November 29, 2006


Bryan, Texas, 95 miles NW of Houston, is the county seat of Brazos County. Bryan was named after William Joel Bryan, a nephew of Stephen F. Austin. I just happened to be there on the day of "the big game," a former tea sipper in "enemy" territory. I headed straight for Bryan Avenue, where more than $25 million in investment has occurred. I must say, it's the nicest job of any small Texas town I've seen to, on the one hand, revitalize an old downtown area, while on the other hand, maintain the inherent charm of it's historic architecture. Bravo, Bryan!

The conductor of the train had a slight resemblance to John Lennon, circa 1967. I wondered if it could outrun Blue Meanies.

Bryan Avenue

Hotel Bryan

The Charles Hotel, now 13 apartments

But if you could afford, wouldn't you rather stay here (I know I would):
The Lasalle Hotel (c. 1928), recently named a Historic Hotel of America, reopened its doors six years ago as an upscale boutique inn of 55 rooms.

And right down the street, back in the day (can you imagine?!), you could walk a block and see a film at the Queen Theater (the Holy Grail of my journey to Bryan):
The Queen Theater is a perfect example of how Bryan has been able to preserve, and yet not over-modernize. I can't imagine anyone tearing it down. Can you?
Across the street from the Queen, Palace Theater

Parker-Astin Hardware (c. 1911)

The empty Varisco Office Building

I don't think this sign is old, it just looked cool. Again, probably an indication of Bryan's efforts to preserve the early to mid-20th century aesthetic.
Old Masonic Lodge Building

Carnegie Center of Brazos Valley History (formerly The Carnegie Library, c. 1902); and yes, that Carnegie
Lovely old ghost sign: "FINE CLOTHING/SHOES FOR LADIES/HATS" with a colorful Coca-Cola ad thrown in for good measure

A ghost sign faded beyond recognition on the side of a building now housing an antiques dealer:

Be a cowboy at Catalena Hatters

A look back at fabulous Bryan Avenue:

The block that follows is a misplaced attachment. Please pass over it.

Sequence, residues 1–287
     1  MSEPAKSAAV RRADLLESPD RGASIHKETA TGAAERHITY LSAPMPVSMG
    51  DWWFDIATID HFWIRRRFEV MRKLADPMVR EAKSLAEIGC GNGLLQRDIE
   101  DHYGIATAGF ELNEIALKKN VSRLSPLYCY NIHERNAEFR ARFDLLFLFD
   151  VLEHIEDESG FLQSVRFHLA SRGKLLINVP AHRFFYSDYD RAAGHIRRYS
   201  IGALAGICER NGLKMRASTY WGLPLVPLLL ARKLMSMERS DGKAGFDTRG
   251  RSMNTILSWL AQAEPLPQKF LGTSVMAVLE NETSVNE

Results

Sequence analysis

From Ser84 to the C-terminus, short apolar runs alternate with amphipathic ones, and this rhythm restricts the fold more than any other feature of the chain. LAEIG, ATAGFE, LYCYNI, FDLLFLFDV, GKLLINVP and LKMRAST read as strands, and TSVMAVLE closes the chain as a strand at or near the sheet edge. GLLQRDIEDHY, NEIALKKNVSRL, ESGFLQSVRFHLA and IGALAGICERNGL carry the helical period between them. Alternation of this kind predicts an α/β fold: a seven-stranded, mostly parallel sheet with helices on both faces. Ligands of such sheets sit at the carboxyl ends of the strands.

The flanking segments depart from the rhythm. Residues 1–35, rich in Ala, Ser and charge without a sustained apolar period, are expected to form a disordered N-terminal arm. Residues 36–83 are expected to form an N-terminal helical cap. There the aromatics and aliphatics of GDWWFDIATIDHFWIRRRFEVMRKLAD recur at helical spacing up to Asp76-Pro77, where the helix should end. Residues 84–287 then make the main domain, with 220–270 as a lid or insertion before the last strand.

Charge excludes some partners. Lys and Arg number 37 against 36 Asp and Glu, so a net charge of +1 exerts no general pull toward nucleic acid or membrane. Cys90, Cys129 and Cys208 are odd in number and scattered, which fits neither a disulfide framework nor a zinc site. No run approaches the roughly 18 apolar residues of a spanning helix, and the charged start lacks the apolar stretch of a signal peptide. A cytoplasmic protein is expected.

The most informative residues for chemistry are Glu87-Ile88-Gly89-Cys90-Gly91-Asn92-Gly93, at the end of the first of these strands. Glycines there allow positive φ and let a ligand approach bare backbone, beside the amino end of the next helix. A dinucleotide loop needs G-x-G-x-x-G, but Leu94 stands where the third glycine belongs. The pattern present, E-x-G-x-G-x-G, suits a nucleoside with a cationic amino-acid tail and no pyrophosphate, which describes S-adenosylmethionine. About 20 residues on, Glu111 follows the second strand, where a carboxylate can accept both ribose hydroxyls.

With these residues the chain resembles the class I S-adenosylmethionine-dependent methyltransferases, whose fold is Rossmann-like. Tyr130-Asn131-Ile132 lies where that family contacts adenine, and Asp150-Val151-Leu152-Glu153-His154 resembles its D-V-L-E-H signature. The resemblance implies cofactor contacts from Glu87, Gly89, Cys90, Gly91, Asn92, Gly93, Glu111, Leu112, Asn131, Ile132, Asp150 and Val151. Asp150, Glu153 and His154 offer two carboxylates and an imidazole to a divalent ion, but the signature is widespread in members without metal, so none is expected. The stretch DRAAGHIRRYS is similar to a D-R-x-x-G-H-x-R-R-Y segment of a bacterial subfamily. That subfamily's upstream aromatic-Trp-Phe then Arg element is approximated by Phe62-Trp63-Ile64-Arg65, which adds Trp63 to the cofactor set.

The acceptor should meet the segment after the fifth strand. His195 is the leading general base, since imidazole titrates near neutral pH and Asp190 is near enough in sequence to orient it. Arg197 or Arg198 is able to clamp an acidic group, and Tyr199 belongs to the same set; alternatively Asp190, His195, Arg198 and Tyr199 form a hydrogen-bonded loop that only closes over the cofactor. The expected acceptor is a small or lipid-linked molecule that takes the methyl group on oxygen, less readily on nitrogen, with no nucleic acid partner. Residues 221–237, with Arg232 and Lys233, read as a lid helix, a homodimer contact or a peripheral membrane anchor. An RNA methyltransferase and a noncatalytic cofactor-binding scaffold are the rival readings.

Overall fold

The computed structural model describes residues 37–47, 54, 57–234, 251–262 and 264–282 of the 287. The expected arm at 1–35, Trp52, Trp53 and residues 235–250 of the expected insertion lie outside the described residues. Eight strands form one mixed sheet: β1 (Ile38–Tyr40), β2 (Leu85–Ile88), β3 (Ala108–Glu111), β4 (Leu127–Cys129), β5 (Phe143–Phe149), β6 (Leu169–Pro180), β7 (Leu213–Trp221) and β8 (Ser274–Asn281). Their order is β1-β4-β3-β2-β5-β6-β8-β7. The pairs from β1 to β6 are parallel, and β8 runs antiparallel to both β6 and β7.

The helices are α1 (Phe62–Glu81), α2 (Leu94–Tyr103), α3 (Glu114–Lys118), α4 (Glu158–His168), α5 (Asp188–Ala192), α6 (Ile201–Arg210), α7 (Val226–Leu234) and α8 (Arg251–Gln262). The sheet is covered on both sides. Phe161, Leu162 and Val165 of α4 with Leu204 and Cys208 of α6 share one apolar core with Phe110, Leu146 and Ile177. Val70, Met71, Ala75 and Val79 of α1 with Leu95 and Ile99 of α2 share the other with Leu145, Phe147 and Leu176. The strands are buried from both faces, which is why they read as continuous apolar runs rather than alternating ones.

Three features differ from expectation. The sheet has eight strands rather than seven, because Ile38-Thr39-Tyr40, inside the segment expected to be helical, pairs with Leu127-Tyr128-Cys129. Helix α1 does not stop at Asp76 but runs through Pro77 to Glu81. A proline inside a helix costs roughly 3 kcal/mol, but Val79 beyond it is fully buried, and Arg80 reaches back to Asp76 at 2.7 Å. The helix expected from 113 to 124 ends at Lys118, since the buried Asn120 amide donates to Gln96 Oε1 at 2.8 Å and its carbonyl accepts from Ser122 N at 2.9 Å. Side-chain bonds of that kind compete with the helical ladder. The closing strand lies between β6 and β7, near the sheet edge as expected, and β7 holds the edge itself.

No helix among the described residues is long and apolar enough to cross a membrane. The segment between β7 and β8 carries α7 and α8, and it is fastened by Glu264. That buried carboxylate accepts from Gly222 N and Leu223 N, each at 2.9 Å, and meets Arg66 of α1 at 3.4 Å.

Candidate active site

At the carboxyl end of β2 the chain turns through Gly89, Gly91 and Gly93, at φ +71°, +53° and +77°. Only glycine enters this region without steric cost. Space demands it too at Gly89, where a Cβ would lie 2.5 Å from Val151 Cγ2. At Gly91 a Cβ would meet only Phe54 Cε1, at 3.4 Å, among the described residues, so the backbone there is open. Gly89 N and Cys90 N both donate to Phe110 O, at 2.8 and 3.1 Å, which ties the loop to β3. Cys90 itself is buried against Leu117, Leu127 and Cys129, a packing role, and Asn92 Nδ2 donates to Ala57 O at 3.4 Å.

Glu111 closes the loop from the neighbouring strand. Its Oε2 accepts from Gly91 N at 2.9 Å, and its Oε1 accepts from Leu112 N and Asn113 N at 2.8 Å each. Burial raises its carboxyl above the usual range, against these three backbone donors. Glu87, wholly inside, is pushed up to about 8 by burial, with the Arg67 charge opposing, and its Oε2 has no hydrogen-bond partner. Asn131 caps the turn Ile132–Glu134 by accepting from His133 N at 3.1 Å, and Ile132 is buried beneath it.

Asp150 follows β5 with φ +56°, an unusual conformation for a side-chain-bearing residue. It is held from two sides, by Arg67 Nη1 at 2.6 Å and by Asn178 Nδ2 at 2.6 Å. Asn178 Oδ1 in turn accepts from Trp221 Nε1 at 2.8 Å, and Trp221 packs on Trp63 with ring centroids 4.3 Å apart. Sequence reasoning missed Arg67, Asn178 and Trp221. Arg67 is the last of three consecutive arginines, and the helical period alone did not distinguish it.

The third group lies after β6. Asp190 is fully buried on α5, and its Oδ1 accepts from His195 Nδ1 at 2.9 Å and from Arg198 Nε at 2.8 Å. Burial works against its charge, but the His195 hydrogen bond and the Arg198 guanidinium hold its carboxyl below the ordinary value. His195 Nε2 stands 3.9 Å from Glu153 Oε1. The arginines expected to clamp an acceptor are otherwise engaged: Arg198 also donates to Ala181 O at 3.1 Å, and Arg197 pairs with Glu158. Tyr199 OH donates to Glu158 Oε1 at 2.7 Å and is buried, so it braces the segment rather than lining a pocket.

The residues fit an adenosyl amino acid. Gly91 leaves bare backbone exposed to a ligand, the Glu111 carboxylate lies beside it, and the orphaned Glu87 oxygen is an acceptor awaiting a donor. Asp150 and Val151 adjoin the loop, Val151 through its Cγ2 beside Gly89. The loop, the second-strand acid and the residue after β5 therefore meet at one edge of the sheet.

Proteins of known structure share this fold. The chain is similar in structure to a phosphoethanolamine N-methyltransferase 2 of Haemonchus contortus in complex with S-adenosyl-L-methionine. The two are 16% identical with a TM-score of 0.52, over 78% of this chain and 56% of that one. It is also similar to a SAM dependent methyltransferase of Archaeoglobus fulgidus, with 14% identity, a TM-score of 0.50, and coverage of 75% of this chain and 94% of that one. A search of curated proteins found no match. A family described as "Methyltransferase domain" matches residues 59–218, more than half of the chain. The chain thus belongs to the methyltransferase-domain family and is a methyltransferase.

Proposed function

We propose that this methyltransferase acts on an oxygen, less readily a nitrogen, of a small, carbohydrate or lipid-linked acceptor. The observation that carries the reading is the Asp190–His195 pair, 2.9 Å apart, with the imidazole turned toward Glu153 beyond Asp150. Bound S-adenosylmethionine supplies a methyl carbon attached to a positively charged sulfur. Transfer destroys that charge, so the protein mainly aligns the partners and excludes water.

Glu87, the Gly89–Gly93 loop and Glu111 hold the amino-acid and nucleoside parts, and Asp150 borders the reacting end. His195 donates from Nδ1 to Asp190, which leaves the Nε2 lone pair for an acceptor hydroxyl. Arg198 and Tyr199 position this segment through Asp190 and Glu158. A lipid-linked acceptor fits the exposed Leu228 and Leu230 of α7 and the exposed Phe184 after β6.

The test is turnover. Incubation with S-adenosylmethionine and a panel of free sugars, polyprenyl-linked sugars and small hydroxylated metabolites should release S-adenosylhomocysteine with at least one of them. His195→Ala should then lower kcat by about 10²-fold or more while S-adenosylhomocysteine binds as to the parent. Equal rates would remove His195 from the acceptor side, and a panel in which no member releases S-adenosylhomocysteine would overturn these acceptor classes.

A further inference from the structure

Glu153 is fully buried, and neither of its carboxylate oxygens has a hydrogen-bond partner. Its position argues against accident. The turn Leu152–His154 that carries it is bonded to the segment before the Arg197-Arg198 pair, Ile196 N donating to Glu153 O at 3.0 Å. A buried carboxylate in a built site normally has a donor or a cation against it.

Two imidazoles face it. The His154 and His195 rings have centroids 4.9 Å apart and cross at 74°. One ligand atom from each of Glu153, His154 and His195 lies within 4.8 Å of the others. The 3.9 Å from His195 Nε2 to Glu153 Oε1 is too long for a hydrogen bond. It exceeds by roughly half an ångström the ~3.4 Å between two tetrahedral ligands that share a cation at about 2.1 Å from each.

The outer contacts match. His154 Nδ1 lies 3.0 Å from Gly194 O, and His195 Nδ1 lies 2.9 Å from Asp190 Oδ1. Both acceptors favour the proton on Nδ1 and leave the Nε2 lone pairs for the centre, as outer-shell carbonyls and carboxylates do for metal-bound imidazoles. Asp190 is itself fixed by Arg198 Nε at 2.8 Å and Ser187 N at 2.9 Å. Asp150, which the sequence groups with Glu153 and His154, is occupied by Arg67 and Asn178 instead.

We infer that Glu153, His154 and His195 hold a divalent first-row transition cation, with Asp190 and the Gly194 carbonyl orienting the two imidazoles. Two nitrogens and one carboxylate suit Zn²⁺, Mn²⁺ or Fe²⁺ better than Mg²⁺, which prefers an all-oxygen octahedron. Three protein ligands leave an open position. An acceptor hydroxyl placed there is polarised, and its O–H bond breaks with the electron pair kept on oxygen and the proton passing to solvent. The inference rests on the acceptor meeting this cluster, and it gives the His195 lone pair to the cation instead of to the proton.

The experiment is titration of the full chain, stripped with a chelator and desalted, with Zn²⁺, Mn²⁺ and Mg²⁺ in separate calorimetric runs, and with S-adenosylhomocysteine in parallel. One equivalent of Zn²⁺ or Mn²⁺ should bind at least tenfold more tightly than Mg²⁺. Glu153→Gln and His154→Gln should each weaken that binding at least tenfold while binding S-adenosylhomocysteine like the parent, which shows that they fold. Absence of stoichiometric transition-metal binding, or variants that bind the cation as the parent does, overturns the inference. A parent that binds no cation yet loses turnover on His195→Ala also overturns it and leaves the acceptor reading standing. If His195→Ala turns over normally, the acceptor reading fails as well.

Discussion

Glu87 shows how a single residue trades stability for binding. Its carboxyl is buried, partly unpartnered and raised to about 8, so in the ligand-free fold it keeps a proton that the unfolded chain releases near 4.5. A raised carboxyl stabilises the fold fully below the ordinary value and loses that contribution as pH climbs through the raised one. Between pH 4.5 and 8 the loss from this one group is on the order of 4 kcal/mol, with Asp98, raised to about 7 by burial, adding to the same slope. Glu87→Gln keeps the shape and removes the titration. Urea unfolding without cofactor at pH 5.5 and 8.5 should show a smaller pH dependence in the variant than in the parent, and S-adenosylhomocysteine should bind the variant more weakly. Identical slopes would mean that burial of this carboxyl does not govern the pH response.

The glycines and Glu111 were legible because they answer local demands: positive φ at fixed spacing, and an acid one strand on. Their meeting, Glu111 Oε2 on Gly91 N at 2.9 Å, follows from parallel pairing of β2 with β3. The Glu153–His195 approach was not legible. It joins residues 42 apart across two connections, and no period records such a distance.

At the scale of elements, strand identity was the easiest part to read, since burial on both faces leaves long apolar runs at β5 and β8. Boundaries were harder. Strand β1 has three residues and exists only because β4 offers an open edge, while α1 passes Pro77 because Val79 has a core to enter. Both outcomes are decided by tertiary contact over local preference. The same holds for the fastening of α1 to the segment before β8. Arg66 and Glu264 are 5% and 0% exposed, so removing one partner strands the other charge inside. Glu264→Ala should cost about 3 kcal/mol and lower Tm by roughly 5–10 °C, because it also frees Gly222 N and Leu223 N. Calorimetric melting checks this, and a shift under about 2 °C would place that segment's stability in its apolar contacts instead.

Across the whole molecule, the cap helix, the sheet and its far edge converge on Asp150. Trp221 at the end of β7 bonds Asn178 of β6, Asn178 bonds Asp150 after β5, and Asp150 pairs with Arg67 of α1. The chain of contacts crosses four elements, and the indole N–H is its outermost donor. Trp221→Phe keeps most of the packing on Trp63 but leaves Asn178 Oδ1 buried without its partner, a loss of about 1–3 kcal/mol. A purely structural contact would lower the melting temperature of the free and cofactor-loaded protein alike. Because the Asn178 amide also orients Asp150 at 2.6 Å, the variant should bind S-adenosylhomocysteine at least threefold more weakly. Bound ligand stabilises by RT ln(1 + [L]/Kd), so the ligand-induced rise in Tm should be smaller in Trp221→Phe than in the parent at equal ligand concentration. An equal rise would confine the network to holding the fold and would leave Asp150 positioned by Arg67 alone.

I had to get some shots of the Longhorn Tavern Steakhouse before pulling out of town:

November 26, 2006

Burton, Texas

Facts and history from

Burton is 90 miles W of Houston, 11 miles W of Brenham. In 1885 there were only 150 people, but there were 400 just eleven years later in 1896. The highest population was in the late 1940s when there were nearly 1,000 people living in Burton. It is the first stop along Scenic Highway FM 390. I stumbled upon it on a foggy, overcast Friday morning after Thanksgiving.

a corner in Burton

Houston and Texas Central Railroad Station (c. 1898) historical marker

The town was named after John M. Burton who was an early settler. The town of Union Hill (2 miles NE of present Burton) moved to the Houston and Texas Central Railroad tracks when it came through Washington County after the Civil War.

The Ed Schatz Store (c. 1906)

Burton Cafe (c. 1937)

The Knittel House (c. 1880)

Most likely the largest residence in Burton; it was built to resemble a steamboat.

say...PEPSI please

Burton Grocery Store

It was time to get going, next stop, Somerville, where everybody is somebody (or haven't you heard?).

And onward to Caldwell, ultimate destination being Bryan (on the day of the U.T. - A & M game)....Bryan pics to come.

November 24, 2006

Star Trek moment #3

Heavenly shades of night are falling, it's amok time...

Spock feels an urgent need to beat something.

This Star Trek moment occurs during episode #34. This episode was first broadcast on September 15, 1967 and later repeated on April 26, 1968. It was the first episode of the second season, and the first to air after the series moved to Friday nights at 8:30pm. In "Amok Time," Mr. Spock returns to his homeworld for a brutal Vulcan marriage ritual which results in the "death" of Captain Kirk.

Like adolescent boys around the world, Spock attempts to forget his frustration by playing a musical instrument.

During that scene where Spock plays the Vulcan lyre, this is the strangely haunting, yet beautiful music (Sol Kaplan and Gerald Fried composed) used, called "Mr Spock." I always imagined Spock was playing the guitar part on the lyre.

Here is the music played during the ritual. It's appropriately titled "The Ritual-Ancient Battle-2nd Kroykah" (I shortened it by about a half). You may remember Jim Carey's interpretation of it in The Cable Guy.

Dr. McCoy (hoping to prevent Kirk's slaughter) injects the Captain with a neuroparalyzer drug that simulates his death, and ends the ritual.
Back on the Enterprise, Spock lowers his guard momentarily when he realizes Kirk isn't dead.